on August 31, 2005
Barry Lynn's End of the Line is a superb volume that shows why economic analysis should not be left to economists. There are several occupational hazards of being an economist, the most irksome being that you have to pretend that politics and economics are not only different but actually separate. This sort of thinking is fine when one is engaged in a certain type of scientific economics - the dispassionate explanation of an aspect of our economic arrangements - but is a disaster when it comes to explaining real life economies. Market societies, for better and worse, are the product of deeply rooted economic imperatives that play out against institutions built in political - power - struggles between people with opposing interests and disparate means to achieve their ends. Economies are jerry-rigged, improvised institutions that sometimes work well and sometimes work very, very badly. Because Lynn is not an economist, he is less inclined to worship at the altar of free markets and more inclined to look at how the self-interested actions of leading business men and women, government officials and the general public combine to create risk as well as opportunity in our global economic commons. Lynn's lack of free market piety will earn him critics among the acolytes of laissez faire economics, but the rest of us should be grateful that he writes about the real world in these confusing times.
Lynn's point in End of the Line is to remind us that the global economy is, like all human creations, a grand improvisation that creates and distributes wealth in ways that are beyond the control of its designers in business and government. Lynn has penned a wise, witty and at times angry look at globalization that departs from the stale argument about whether global capitalism is good or bad in favor of a far more subtle, and scary portrait of a risk laden production system that is, at least for now, beyond any government's control. End of the Line is a meditation on what happens when short term self-interest leads global businesses to make bottom line decisions that enhance their own profitability in ways that increase the vulnerability of the system as a whole, and governments abdicate their responsibility to monitor and manage an economy - even a global economy - for the sake of the common good.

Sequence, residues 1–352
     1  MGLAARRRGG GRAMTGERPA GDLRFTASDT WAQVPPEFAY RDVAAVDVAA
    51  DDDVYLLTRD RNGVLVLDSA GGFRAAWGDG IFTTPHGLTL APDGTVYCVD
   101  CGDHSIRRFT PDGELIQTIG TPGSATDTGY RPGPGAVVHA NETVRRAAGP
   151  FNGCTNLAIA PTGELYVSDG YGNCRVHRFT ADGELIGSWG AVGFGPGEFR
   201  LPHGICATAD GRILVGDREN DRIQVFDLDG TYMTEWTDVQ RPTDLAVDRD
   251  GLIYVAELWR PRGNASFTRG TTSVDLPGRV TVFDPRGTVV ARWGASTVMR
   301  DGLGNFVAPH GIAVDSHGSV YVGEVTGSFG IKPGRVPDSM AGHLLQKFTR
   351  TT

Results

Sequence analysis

Lynn asks us to see the global economy as a vast and intricate system of economic plumbing that links suppliers and customers in every corner of the globe. This plumbing system is nothing but an ever evolving set of connections that becomes denser when corporations outsource their operations to producers in lower cost countries in order to provide customers with high quality products at low prices. The global growth of free trade, with relatively little regulation or oversight by governments in the interest of global prosperity, has been an immense boon to the fortunes of millions of previously desperately people around the world, whose incomes and life chances have blossomed because they are making goods and services that people in rich countries want and need.
Yet, common sense tells us that an unregulated plumbing system, left to grow by itself without any supervision or rules, is bound to develop all sorts of problems that mushroom into total system failure under the wrong circumstances. Imagine the eventual public health disaster that would happen in a city that let all building and homeowners make their own connections to the main water and sewer lines. The resulting mess would poison our water and cities with filth because no agent was responsible for managing the system in the interest of the community as a whole. A smooth flow of water and sewage requires regulation of the rational plumbing system in order for everyone to prosper from the use of water and the proper management of waste.
End of the Line makes an urgent yet curiously under-appreciated point: The contemporary global economy is a very leaky plumbing system that is subject to catastrophic breakdown because its evolution is driven by the private interests of global corporate managers rather than the common good. This leaky plumbing system is the result of a deliberate choice by the global government - the United States - to refrain from managing the world economy in our nation's interests in favor of a utopian vision of a planet wide free market that would regulate itself, and thereby eventually enrich the world. Lynn has bad news for all who believe that the free market is all the world needs to have peace, security and stability: the breakdown of the global economy's plumbing will lead to the same kind of mess as an unregulated system of city plumbing unless we are smart enough to realize that a free market requires a strong, smart and wise government to deftly manage the world economy with a light but competent touch.